FEB 29, 2024 7:13 AM PST

A Cause of Long COVID Brain Fog is Revealed

WRITTEN BY: Carmen Leitch

Long COVID is a pressing public health issue. There are millions of people who experienced an acute infection with the pandemic virus SARS-CoV-2, and never truly recovered from their COVID-19 illness, or continued to experience health problems more than twelve weeks after their infection started. There are a wide range of about 200 diverse symptoms that have been linked to long COVID, also called Post-COVID Conditions (PCC), including fatigue, shortness of breath, joint pain, muscle aches, gastrointestinal distress, mood changes, and brain fog. While researchers have linked a variety of changes in the body to long COVID, such as alterations in the gut microbiome and changes in the immune system, new research has explored the basis of one kind of long COVID symptom in particular: brain fog and cognitive decline.

Colorized scanning electron micrograph of a cell (teal) infected with the Omicron strain of SARS-CoV-2 virus particles (purple), isolated from a patient sample. Image captured at the NIAID Integrated Research Facility (IRF) in Fort Detrick, Maryland. Credit: NIAID

It's thought that about ten percent of people who get COVID-19 will experience long COVID (although those estimates can vary based on the SARS-CoV-2 variant that caused the initial infection), and roughly half of those who suffer from long COVID are thought to experience cognitive problems or brain fog.

Early in the pandemic, there were indications that beyond being a respiratory infection, COVID-19 was a vascular disease that had serious impacts on blood vessels. This latest research has indicated that dysfunction in blood vessels in the brain can cause brain fog and long COVID. Researchers have now shown that permeability or leakiness in cerebral blood vessels that can be visualized with an MRI can differentiate between long COVID patients with and without cognitive symptoms. The findings have been reported in Nature Neuroscience.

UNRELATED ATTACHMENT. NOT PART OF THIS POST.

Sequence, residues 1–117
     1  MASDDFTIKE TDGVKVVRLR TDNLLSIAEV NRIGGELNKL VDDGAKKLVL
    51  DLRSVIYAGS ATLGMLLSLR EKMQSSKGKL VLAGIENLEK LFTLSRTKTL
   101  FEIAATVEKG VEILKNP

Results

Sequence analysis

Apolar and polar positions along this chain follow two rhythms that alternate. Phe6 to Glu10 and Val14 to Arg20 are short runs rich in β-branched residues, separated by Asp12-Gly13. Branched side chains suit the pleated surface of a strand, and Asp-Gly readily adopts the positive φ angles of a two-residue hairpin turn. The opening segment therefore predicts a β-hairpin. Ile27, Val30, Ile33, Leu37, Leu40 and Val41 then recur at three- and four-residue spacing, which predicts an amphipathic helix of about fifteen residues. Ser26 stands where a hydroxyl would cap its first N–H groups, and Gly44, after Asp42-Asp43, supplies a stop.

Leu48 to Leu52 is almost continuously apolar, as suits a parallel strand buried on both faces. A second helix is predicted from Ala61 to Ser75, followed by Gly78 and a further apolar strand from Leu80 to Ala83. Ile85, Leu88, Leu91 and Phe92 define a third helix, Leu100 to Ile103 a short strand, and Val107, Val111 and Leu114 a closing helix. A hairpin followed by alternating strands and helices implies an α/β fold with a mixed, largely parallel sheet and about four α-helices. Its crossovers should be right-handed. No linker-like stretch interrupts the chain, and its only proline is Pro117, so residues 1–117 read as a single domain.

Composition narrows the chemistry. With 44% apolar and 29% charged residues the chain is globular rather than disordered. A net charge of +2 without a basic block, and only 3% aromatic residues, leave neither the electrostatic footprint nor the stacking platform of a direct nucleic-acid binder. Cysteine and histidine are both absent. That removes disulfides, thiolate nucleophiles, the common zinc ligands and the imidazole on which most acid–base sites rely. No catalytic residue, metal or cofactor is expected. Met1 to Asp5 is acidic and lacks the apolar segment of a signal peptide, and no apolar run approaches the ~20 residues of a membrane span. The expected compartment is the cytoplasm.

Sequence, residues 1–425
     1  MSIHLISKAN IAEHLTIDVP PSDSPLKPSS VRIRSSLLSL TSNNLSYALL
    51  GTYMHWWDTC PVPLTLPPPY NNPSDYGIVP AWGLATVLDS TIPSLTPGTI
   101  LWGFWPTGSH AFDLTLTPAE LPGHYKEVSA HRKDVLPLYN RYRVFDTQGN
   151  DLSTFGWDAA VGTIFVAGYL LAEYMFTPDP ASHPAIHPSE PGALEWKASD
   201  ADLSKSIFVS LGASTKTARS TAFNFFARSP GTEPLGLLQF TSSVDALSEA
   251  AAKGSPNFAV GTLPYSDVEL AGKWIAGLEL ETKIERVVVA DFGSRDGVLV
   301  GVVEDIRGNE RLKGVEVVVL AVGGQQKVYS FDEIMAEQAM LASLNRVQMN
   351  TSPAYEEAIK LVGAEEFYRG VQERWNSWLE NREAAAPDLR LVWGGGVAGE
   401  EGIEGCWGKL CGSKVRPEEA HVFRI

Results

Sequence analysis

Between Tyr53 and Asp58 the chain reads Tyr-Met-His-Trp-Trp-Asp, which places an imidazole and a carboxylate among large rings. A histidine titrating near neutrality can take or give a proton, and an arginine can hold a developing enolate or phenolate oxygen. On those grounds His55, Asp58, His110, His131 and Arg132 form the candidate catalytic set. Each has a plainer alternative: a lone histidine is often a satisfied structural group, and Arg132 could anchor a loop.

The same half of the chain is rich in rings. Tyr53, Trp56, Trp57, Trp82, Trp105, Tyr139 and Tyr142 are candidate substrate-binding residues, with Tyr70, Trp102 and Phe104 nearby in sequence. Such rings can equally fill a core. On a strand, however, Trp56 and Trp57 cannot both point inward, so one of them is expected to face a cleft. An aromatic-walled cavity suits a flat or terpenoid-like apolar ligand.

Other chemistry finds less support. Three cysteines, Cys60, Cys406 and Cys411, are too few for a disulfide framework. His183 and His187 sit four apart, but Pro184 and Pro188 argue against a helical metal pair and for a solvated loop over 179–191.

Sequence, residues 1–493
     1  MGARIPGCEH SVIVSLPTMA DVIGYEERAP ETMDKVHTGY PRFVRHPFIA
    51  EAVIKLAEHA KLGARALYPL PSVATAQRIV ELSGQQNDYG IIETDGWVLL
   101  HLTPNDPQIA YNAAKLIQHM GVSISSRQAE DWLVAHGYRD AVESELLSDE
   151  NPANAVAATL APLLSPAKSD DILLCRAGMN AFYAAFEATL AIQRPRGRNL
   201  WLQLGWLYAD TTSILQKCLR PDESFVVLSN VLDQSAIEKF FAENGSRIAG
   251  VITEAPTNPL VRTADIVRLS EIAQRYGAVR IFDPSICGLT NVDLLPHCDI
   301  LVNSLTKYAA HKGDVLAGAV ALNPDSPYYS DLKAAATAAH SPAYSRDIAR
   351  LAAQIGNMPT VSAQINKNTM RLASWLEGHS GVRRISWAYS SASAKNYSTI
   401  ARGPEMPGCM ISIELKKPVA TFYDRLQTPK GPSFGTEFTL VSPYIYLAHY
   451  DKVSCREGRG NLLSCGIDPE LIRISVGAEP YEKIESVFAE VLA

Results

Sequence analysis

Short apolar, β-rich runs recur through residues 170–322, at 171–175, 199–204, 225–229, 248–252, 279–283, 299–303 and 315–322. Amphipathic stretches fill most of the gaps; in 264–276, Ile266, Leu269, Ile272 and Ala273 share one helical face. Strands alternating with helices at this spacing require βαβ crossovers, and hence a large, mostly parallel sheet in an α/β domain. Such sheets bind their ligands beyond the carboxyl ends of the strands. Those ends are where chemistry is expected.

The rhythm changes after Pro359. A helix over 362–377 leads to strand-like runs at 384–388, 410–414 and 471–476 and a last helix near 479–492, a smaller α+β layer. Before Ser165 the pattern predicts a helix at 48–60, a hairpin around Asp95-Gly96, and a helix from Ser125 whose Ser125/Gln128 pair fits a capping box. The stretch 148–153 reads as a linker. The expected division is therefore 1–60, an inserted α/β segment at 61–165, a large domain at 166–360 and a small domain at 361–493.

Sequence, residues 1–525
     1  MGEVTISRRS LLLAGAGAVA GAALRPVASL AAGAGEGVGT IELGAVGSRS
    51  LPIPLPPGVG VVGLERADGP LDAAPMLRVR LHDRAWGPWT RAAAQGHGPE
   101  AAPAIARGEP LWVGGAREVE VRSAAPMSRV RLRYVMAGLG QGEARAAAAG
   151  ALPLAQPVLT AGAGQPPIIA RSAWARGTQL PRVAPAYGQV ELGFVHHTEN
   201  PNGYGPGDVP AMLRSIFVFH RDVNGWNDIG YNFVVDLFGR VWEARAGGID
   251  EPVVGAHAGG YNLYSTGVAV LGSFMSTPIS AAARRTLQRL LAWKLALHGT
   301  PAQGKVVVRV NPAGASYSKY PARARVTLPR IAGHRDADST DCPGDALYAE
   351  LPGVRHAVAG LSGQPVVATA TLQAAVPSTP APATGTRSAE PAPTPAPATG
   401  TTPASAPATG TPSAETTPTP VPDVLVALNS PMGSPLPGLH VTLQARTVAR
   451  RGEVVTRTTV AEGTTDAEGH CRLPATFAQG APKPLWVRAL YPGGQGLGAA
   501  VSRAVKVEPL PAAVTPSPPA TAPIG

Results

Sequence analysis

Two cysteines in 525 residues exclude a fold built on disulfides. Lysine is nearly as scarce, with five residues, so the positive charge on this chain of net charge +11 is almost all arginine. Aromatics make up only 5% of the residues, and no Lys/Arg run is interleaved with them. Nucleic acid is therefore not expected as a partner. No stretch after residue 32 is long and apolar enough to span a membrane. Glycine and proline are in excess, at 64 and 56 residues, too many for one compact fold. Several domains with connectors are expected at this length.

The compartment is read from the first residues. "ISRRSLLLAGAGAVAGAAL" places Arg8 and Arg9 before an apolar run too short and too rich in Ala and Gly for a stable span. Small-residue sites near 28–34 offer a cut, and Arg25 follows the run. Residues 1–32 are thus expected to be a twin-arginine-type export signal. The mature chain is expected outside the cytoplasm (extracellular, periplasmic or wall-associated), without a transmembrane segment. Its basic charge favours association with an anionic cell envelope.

“For the first time, we have been able to show that leaky blood vessels in the human brain, in tandem with a hyperactive immune system may be the key drivers of brain fog associated with long COVID. This is critically important, as understanding the underlying cause of these conditions will allow us to develop targeted therapies for patients in the future,” said Matthew Campbell, a Professor at Trinity College Dublin, among other appointments.

“Our findings have now set the stage for further studies examining the molecular events that lead to post-viral fatigue and brain fog," added first study author Dr. Chris Greene, a postdoctoral research fellow. "Without doubt, similar mechanisms are at play across many disparate types of viral infection and we are now tantalizingly close to understanding how and why they cause neurological dysfunction in patients.”  

Sources: Trinity College Dublin, Nature Neuroscience

About the Author
Bachelor's (BA/BS/Other)
Experienced research scientist and technical expert with authorships on over 30 peer-reviewed publications, traveler to over 70 countries, published photographer and internationally-exhibited painter, volunteer trained in disaster-response, CPR and DV counseling.
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